Axios' Andrew Freedman reports ... Globally, air pollution that's often directly linked to fossil fuels reduces average life expectancy by 1.8 years, according to a new index developed by the University of Chicago.
What they did: The metric, known as the Air Quality Life Index, or AQLI, attempts to clearly indicate how emissions of tiny particles, called particulates, are having an affect on people's health worldwide.
Why it matters: The report comes at a time when millions in California are being forced to wear protective masks to shield themselves from particulate pollution originating from the state's deadly wildfires. It also comes at the height of smog season in India, a country that ranks high on the list of most-affected nations, according to the new index.
The big picture: Based on the AQLI, which was developed on peer-reviewed studies but has not itself been published in a scientific journal, particulate pollution is the single greatest threat to human health worldwide with regard to life expectancy. It shaves more years off people's lives on average than tuberculosis, HIV/AIDS and smoking cigarettes, the authors say.
- Particulate pollution chiefly comes from burning fossil fuels for energy.
- The biggest health threat from power plants, factories and vehicles is what's known as fine particulate matter, or PM2.5 — particles that are so small they can easily be breathed in and lodged deep into the lungs.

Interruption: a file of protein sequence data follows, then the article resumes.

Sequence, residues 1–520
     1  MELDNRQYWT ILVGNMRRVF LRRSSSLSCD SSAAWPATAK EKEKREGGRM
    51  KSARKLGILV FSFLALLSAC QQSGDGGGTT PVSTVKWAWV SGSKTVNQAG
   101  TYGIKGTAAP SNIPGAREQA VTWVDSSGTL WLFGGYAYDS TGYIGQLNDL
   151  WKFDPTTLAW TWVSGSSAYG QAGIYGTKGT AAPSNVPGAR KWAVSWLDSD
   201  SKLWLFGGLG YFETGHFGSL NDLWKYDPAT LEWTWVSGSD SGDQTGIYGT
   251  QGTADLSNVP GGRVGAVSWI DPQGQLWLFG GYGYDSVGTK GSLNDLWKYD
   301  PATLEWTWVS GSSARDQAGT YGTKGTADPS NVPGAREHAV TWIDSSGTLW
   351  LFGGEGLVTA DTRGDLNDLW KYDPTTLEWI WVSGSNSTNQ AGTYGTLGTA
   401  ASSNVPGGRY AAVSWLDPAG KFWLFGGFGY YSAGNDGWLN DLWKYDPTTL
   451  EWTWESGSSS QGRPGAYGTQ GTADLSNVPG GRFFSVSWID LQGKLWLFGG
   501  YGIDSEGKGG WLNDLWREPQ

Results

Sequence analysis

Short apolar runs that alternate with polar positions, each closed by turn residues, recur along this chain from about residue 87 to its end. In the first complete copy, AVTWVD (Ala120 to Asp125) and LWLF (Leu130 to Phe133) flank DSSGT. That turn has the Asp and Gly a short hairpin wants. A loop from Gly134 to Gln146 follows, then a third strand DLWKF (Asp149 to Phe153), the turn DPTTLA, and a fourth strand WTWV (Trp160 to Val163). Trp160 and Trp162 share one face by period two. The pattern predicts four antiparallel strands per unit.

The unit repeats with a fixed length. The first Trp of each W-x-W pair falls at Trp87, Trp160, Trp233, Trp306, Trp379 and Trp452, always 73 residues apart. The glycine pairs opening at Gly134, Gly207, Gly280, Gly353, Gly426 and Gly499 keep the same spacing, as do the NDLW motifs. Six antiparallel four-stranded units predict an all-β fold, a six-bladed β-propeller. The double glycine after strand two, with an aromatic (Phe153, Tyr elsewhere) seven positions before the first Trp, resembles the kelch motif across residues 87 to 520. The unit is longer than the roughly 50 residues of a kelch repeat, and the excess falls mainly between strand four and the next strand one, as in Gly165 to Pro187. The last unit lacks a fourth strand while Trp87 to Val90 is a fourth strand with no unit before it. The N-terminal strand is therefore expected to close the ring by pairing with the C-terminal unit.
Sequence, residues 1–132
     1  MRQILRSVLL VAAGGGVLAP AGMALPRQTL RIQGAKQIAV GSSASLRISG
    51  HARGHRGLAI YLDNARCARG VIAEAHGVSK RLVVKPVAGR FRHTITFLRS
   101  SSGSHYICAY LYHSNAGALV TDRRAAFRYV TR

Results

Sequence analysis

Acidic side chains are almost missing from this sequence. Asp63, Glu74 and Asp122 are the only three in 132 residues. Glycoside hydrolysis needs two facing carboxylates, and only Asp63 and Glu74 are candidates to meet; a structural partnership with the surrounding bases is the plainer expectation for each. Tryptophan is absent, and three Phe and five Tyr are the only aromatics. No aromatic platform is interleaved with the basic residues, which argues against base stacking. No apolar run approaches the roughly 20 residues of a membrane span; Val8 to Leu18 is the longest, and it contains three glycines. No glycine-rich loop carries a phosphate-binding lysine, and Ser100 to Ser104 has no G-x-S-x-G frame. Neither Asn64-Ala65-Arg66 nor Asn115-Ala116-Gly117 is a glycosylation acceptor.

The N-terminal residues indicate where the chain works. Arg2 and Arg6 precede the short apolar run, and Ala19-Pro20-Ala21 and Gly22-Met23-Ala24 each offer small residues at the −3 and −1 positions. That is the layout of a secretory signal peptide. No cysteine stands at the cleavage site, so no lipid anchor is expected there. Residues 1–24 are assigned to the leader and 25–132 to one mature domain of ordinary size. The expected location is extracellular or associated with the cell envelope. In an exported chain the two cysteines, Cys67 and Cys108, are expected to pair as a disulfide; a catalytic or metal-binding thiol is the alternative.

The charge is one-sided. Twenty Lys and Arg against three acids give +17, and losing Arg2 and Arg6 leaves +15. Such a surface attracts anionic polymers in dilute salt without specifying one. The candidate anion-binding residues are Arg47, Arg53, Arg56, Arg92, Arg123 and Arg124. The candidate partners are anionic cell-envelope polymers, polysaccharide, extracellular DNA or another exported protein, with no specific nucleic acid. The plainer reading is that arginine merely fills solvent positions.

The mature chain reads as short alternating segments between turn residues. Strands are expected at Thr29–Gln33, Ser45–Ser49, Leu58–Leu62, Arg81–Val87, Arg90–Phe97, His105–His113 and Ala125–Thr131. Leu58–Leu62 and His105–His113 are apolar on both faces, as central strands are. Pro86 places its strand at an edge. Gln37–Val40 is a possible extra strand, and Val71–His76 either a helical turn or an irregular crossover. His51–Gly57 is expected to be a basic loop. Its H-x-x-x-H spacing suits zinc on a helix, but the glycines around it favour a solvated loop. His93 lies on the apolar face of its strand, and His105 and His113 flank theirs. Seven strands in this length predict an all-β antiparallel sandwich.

- Such particles can cause cardiovascular problems, aggravate pre-existing conditions like asthma, and increase mortality from cancer and heart disease.
By the numbers: According to the newly developed index, people in India would live 4.3 years longer if their country met clean air guidelines set by the World Health Organization. And, U.S. citizens who live in the most polluted counties would live up to a year longer if they were brought into alignment with those figures.
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My thought bubble: The detailed new analysis is part of an even wider conundrum.
- Fuels that have for centuries powered development and wider prosperity also have deleterious effects on health and ecosystems and are dangerously warming the planet.
What they're saying: Former Energy Secretary Ernest Moniz gets to this dynamic a bit in comments circulated alongside the study. He notes that energy demand is slated to grow by 40% in the next 2 decades, an increase occurring almost entirely in developing nations.
- "Our energy future, however, cannot look like the past. The AQLI clearly demonstrates that particulate pollution, driven largely by the burning of fossil fuels, is the world’s leading threat to life expectancy," he said.
- "To extend lives and mitigate the risks of climate change, we must transform our energy systems at an unprecedented pace."